Election Reactions: Expressive Violence & Social Cohesion

In this post, Jena Morrison explores how the reaction to a presidential election can correlate with an upturn in community responses, particularly in incidents of expressive violence and efforts to create social cohesion.

In the days following a very close election, there are a lot of emotions running high throughout the entire country. Some are excited about new prospects, a change in leadership, and of the new path for the country. Others are afraid for their families, their safety, and for what the future may hold. Across the country and throughout the world, we are struggling with these emotions, the reactions of others, and watching to see what will happen next.

Expressive Violence

Expressive crimes, those that are motivated by the need to express anger, frustration, rage, and feelings of powerlessness are often seen in the aftermath of events such as this (Siegel 2016). With such a close race and high emotions, we often feel the need to be heard and to express our emotional turmoil. For some, this means emotional displays of crying, yelling, or even spending extra time at the gym. For others, however, this can result in expressive crimes such as assaults and even riots.

In the aftermath of the forecasted results, several news sites reported a break out of riots particularly those at University of California, Los Angeles, University of Oregon, and the University of California, Davis (Chabba 2016). An up-tick in crime, particularly crimes such as arson, property destruction, and assault can be common after events that we perceive as traumatic.

Social Cohesion

Social cohesion is the connection between individuals within society and is a result of the social bonds, levels of reciprocity, and the perception of trust and shared values of individuals within a community, area, or nation (Greene, Paranjothy, & Palmer 2015). In the aftermath of the election, some of us may choose to reach out and create social cohesion between ourselves and those around us. This can be done by providing a space for open communication and a way for individuals in the area to simply meet and gain reassurance. As a result of the current event, some campus groups have reached out to offer safe spaces, places to pray, counseling, and even provided a suicide-prevention hotline in an effort to show support (Knott & Najmabadi 2016). By creating a place where everyone is welcome to vent their frustrations and opportunities for those who want to help to do so, social cohesion has the potential to act as a stabilizing force to traumatic events and social upheaval (Greene, Paranjothy, & Palmer 2015).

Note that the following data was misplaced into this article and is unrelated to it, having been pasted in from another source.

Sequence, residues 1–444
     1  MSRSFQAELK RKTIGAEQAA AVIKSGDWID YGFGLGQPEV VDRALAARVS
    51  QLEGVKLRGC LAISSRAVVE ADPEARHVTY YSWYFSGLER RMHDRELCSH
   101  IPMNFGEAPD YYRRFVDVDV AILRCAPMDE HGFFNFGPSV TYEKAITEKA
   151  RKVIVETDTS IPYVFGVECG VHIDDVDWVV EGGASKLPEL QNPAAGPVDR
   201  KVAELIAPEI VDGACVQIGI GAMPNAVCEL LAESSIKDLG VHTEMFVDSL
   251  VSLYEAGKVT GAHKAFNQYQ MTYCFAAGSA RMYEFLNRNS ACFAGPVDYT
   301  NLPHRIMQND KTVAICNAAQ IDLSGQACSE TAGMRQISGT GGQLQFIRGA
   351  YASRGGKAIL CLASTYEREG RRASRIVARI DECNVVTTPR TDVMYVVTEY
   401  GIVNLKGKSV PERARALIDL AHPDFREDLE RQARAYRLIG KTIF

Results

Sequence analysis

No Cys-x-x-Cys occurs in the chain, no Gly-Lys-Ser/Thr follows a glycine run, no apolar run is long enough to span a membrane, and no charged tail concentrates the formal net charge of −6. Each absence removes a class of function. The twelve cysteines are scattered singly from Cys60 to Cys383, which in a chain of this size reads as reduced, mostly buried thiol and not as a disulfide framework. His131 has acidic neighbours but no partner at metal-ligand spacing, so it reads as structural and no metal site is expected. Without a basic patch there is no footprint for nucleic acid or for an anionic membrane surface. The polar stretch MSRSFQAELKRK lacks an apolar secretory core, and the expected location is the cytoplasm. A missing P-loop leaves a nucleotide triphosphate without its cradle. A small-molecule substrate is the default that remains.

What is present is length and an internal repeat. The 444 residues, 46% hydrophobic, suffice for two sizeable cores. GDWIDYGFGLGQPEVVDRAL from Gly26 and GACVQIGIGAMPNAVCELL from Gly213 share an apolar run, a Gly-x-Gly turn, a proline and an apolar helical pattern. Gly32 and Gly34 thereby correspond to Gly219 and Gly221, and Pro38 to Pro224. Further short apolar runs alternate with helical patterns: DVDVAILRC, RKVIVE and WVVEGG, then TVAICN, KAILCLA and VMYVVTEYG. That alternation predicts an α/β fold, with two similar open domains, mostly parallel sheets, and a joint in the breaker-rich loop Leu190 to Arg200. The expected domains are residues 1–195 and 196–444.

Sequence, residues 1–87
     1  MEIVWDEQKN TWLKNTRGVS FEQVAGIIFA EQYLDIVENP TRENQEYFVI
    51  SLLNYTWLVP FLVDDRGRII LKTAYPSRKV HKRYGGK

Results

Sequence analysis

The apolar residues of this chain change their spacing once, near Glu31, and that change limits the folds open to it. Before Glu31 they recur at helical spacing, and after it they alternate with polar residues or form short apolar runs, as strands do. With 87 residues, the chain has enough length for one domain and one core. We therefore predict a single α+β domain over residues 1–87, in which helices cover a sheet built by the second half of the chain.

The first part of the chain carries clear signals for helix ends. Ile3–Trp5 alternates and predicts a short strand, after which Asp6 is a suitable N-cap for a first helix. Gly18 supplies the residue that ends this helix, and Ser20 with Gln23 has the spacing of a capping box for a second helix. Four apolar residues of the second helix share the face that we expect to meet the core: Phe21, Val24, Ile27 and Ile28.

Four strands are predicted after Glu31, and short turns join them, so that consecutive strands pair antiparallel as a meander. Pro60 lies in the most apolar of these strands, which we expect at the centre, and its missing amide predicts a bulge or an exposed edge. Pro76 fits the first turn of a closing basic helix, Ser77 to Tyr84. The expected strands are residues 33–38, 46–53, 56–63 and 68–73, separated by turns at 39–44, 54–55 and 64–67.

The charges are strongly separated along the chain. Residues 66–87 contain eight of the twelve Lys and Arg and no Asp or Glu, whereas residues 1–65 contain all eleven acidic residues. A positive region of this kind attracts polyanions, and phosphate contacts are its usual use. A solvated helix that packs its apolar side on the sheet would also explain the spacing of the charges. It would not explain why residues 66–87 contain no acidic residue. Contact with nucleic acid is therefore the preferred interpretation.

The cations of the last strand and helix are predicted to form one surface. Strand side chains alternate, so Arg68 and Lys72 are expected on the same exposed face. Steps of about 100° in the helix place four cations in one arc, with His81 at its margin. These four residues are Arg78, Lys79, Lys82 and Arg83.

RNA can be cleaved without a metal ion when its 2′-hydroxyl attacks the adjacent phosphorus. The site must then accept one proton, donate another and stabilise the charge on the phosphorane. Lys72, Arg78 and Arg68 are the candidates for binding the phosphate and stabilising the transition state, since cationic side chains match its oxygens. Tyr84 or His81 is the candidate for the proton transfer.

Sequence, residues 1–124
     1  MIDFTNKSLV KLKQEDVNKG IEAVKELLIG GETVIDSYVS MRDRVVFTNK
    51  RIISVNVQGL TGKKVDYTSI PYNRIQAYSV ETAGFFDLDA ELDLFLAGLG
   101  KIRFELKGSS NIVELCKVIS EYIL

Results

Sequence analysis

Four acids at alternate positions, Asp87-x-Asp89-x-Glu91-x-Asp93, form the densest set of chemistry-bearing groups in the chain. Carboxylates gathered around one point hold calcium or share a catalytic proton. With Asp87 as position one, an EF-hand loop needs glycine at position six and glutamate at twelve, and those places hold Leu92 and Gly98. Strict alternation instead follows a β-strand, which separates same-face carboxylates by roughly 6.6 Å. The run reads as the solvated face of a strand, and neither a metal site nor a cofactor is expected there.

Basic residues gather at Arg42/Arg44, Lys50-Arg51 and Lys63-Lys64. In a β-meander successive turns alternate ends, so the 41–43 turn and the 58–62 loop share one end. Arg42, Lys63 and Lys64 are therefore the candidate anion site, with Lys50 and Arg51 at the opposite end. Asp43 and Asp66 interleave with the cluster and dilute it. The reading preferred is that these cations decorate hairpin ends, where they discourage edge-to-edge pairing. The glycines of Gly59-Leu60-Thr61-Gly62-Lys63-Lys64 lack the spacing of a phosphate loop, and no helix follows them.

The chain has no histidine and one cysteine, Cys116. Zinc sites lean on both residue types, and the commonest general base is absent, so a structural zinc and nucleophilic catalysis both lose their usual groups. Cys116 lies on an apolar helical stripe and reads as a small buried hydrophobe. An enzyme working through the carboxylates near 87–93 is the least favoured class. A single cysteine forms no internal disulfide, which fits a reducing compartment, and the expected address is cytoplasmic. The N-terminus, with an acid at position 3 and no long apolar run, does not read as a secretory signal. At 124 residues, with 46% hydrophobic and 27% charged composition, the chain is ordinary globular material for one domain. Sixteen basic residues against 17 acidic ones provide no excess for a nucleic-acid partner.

As the nation continues to adjust to these changes in the weeks to come, we’ll continue to see these themes of emotional expression and the need for community evolve. Even days later, many of us continue to look for ways to deal with our own feelings and that of those around us. With the concepts of expressive violence and social cohesion in hand, all of us can better understand how the feelings of individuals fit into the larger social picture.

Dig Deeper:

  1. Expressive crimes are often associated with lower social classes and high drug and alcohol use (Siegel, 2016). How do the riots at college campuses in California and Oregon fit in with this?
  2. What reactions have you seen in your own community? How do they fit in with either of these concepts?
  3. What are some ways that these crimes can be deterred at the local level or national level?
  4. Are there ways that you as an individual can make a positive impact to your community and help to create social cohesion?


  • Chabba, S. 2016. “Donald Trump Elected President: Riots Break Out At University Campuses After Republican’s Win.” International Business Times. Retrieved November 9, http://www.ibtimes.com/donald-trump-elected-president-riots-break-out-university-campuses-after-republicans-2443978
  • Greene, G., Paranjothy, S., & Palmer, S. R. 2015. “Resilience and vulnerability to the psychological harm from flooding: The role of social cohesion.” American Journal of Public Health, 105(9), 1792-1795. doi:10.2105/AJPH.2015.302709
  • Knott, K. and Najamabadi, S. 2016. “Traumatized and Indignant, College Students React to a Trump Presidency.” The Chronicle of Higher Education. Retrieved November 9, http://www.chronicle.com/article/TraumatizedIndignant/238357?cid=pm&utm_source=pm&utm_medium=en&elqTrackId=50d6985d37c84c84bd48398392d4e597&elq=90d6906dda624264b5ec9cf3f72b3eee&elqaid=11433&elqat=1&elqCampaignId=4460
  • Siegel, L. 2016. Criminology: Theories, patterns, and typologies, 12th ed. Belmont, CA: Thomson/Wadsworth.